This is the third harvest we’ve purchased from Elias Roa Parra’s Finca Tamana. His work with Tim Wendelboe is an outstanding model of the quality that occurs with improvements focused on fundamentals. Elias and Tim focus on crop nutrition, picking, harvesting, pulping, fermentation, and drying controls. Crop nutrition is the foundation of efficiency for farmers. Removing defects during picking increases the overall quality of the final lot. Defects can originate at the plant and contribute to loss of yield and diminished quality.
Harvesting and hand-sorting are the first human-controlled sorting phases in the process. Elias negotiated quality standards with the workers that live in the area to individually float the harvest and remove beans with visible color, ripeness, or pest defects. This is a meticulous addition to the process and requires a significant investment in labor to have it done well. Once this is completed, the next step is to remove the skin and pulp through pulping and fermentation. Both pulping and fermentation can contribute to diminish quality if not managed well, but if managed well it can be a source of improvement.
Elias maintains very clean equipment and fermentation tanks to manage consistency. Plus, he uses a fermentation and cleaning method where the coffee is fermented overnight and washed twice, improving the cleanliness of the coffee and cup. Drying is a preservation stage for storage and transport, but it is also a very important quality phase where temperature, humidity, and sun exposure can influence the stability and cup quality. Elias uses 50% shade to keep drying temps down.
Team taste notes: toffee, nougat, grape, apple, pear, brown spice
Decaf EA Cauca is from the southwestern region of Cauca, Colombia. It is washed and milled at Centra Cooperativa Indigena del Cauca. They are a Fair Trade certified cooperative that works with farmers in Cauca and beyond.
The coffee is decaffeinated in Colombia as well at the Descafecol plant using ethyl acetate derived from locally-grown sugarcane.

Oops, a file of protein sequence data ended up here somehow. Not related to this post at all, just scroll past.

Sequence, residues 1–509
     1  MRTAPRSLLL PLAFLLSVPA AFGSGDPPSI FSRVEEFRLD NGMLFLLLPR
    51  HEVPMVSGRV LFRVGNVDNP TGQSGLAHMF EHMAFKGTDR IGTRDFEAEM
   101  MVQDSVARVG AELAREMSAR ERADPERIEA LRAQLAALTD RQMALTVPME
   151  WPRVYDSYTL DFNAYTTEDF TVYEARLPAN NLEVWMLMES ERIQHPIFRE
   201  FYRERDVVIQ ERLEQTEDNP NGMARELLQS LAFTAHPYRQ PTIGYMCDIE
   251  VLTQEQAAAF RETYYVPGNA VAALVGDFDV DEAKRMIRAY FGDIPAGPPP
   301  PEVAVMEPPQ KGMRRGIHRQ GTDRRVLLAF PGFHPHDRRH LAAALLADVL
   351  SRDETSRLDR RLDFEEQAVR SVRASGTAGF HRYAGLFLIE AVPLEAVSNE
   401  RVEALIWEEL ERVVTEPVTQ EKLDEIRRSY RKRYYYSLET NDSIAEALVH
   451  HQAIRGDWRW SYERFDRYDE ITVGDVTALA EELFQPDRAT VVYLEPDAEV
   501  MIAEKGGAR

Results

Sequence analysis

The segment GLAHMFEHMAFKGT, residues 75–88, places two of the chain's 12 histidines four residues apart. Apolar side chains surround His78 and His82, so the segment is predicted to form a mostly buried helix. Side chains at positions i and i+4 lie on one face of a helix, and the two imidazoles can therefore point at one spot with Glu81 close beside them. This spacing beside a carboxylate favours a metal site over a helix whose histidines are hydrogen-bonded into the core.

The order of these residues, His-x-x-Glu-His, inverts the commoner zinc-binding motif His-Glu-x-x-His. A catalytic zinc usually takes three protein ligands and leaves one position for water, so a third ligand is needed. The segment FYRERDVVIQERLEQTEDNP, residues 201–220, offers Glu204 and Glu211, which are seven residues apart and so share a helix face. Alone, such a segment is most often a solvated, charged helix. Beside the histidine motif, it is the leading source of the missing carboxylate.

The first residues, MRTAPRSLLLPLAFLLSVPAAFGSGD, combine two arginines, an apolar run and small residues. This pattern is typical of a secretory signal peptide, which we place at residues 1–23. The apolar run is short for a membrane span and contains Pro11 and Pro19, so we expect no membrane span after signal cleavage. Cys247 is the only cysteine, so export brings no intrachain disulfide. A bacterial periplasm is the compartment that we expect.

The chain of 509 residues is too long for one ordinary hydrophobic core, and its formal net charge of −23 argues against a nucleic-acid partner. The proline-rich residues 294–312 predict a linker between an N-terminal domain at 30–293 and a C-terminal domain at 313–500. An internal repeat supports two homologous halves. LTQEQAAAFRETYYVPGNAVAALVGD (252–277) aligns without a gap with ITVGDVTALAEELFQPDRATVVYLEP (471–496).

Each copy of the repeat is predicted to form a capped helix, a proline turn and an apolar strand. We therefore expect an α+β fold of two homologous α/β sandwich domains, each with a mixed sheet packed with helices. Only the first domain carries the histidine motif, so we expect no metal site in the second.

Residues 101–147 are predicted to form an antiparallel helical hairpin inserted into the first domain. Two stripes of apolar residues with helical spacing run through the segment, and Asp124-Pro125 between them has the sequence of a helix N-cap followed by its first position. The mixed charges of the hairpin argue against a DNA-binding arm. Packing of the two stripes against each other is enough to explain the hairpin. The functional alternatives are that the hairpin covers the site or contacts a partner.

Team taste notes: graham, molasses, brown spice, strawberry, apple, applewood
InterAmerican describes the EA decaf process done at Descafecol quite well:
Descafecol is the only decaffeination plant in the Andean region of Colombia. The plant relies entirely on the pure water from the Navado el Ruis (a snow-capped volcano on the border of the departments of Caldas and Tolima) and natural ethyl acetate from sugar cane plants in Palmira, Colombia.
Ethyl acetate is an organic compound (C4H8O2) with a sweet smell—it’s created during fermentation and contributes to what’s often described as the “fruitiness” in a young wine.
At Descafecol, the decaffeination process begins with steaming the green coffee at a very low pressure to remove the silver skins. The beans are then moistened with hot water, which causes them to swell and soften
and begins the hydrolysis of the caffeine, which is bonded to salts of
chlorogenic acid. (Hydrolysis refers water interacting with a compound and causing it to loosen from other particles.)
The ethyl acetate solvent is then circulated through the beans multiple times until at least 97 percent of the caffeine is removed. A low-pressure, saturated steam is then applied to remove any last traces of the ethyl
acetate, and finally the coffee is vacuum-dried in drums to remove any water and bring the final moisture level to between 10 and 12 percent.
The coffee is cooled to ambient temperature with fans and then polished with carnauba wax to protect it against humidity. Ultimately, no more than 5 ppm of ethyl acetate is left in the coffee, and once the coffee is roasted, there is no trace of it at all.
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